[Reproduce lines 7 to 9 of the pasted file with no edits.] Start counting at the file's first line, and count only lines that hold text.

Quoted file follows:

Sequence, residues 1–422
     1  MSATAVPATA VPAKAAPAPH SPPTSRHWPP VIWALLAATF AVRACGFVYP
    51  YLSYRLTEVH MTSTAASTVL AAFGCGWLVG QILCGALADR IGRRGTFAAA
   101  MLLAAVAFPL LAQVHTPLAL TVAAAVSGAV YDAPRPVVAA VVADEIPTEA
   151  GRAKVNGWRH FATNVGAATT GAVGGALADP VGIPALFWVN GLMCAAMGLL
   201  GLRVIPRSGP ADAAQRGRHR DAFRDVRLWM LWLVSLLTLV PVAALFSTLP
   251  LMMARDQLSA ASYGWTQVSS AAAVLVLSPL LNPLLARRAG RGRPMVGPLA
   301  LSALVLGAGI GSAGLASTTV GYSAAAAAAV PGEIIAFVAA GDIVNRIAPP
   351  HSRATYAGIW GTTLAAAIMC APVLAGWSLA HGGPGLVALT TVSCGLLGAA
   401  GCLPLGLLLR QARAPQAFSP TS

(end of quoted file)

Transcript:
   251  LMMARDQLSA ASYGWTQVSS AAAVLVLSPL LNPLLARRAG RGRPMVGPLA
   301  LSALVLGAGI GSAGLASTTV GYSAAAAAAV PGEIIAFVAA GDIVNRIAPP
   351  HSRATYAGIW GTTLAAAIMC APVLAGWSLA HGGPGLVALT TVSCGLLGAA